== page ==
Back in January 1993, the college football world was in for a change. Following two seasons of split national championships (between Georgia Tech and Colorado in 1990-91 and between Miami and Washington in 1991-92), the Bowl Coalition (predecessor to the Bowl Alliance and the Bowl Championship Series) was formed to try and force a national championship game, and its inaugural matchup was the 11-0 Big East champion and top-ranked Miami Hurricanes against the 12-0 SEC champion and #2-ranked Alabama Crimson Tide in the Sugar Bowl on January 1.
The Hurricanes were favored, especially thanks to coming off a national championship season, but the Tide wound up winning in impressive fashion, ending up with a 34-13 victory. That made a lot of Miami’s pre-game trash talk, from receiver Lamar Thomas (who had an important touchdown-nullifying fumble in the game on “The Strip“) in particular, not hold up so well in retrospect. Here’s a look at some of what the Hurricanes said before this contest:
Houston Chronicle, “Miami may turn tide on Alabama trash talk,” Dec. 31, 1992:
And as the countdown shortens to the No. 1-vs.-No. 2 showdown of Miami and Alabama in the USF&G Sugar Bowl, one gets the feeling the Hurricanes are more amused at the way the Tide is trying to talk than they are worried about how the Tide and its top-rated defense might be able to walk.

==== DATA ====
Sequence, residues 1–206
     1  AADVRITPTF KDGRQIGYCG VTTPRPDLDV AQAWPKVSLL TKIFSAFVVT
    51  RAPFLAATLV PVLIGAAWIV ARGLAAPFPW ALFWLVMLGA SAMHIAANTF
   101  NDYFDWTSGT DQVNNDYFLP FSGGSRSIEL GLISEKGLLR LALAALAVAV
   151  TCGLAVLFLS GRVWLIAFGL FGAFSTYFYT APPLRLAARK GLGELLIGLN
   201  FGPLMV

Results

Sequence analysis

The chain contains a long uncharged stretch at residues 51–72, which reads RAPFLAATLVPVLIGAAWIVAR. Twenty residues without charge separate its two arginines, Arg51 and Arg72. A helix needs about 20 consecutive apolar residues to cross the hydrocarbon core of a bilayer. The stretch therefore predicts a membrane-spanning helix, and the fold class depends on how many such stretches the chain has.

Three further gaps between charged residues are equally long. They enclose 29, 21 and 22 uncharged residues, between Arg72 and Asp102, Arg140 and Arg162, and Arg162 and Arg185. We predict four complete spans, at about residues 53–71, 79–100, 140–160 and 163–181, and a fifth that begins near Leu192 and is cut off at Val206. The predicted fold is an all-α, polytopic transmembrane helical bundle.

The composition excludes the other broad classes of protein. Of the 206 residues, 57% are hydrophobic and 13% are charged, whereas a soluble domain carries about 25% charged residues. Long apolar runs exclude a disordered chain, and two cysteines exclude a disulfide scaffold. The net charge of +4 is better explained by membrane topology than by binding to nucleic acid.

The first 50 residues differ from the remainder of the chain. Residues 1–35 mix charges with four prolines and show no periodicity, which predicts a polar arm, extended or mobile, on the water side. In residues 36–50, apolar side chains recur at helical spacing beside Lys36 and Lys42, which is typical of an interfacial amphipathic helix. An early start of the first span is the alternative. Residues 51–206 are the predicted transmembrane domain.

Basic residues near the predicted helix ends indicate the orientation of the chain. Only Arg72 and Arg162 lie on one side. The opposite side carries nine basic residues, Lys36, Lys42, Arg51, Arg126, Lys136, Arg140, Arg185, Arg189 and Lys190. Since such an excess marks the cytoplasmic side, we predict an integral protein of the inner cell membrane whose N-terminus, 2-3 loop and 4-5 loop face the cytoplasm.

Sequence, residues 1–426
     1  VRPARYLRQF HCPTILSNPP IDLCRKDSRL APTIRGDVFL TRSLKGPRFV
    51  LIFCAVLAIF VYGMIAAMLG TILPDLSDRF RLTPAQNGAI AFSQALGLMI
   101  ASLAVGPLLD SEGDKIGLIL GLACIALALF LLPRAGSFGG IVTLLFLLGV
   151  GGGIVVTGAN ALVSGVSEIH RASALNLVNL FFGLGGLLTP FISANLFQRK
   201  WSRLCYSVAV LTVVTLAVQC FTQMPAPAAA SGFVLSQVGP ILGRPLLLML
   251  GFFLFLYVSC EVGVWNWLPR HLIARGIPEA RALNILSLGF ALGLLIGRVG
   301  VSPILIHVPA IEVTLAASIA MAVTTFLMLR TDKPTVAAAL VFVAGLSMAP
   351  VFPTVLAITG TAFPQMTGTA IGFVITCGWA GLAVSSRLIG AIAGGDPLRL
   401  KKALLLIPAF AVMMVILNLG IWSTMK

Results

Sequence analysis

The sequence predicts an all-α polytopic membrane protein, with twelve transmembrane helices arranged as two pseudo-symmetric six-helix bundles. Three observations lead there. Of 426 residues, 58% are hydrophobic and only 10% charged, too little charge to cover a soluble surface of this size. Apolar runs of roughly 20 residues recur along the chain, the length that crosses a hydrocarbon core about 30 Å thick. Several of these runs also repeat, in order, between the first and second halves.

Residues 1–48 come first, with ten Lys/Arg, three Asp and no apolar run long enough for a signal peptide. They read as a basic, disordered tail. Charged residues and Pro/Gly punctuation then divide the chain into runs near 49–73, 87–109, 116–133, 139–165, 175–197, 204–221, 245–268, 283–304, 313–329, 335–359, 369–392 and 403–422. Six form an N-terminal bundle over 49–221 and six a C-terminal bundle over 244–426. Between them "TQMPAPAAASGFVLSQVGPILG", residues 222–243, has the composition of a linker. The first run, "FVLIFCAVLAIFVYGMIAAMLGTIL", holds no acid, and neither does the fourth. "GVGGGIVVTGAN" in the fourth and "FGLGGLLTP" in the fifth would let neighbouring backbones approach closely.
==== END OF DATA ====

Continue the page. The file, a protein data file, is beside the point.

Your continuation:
“It’s just a ‘Cane thing,” said wide receiver Lamar Thomas, as if that one line offered all the insight that was needed. “Those boys from Alabama should just come in and be quiet and try to play football. They shouldn’t come out and try to keep up with the way we talk.”
…”Just tell those boys to show up on Friday night,” said [linebacker Micheal] Barrow. “That’s when we’ll teach them how to do the walk.”
Chicago Sun-Times, “At Miami, Obnoxious Is Synonym For Success,” Dec 31, 1992:
Earlier in the week, the French Quarter was host to an ugly incident between Miami and Alabama players. Basically, the Miami players taunted, the Alabama guys listened. “They called us names I can’t use in the paper,” said Derrick Lassic, the Crimson Tide’s leading rusher. “They were right up in our faces, saying us blankety-blanks don’t deserve to be on the same field with them. We just shook our heads. They were out of control.”
The verbal trashing, naturally, has spilled into the interview rooms, where hundreds of national media folk hang on every nasty word. Not a day passes when a Miami player doesn’t ridicule and undermine the opponent, no abuser louder than one Rohan Marley. You may have heard of his late father, Bob. It seems Rohan has given new meaning to the Marleyesque reggae term, Jammin’.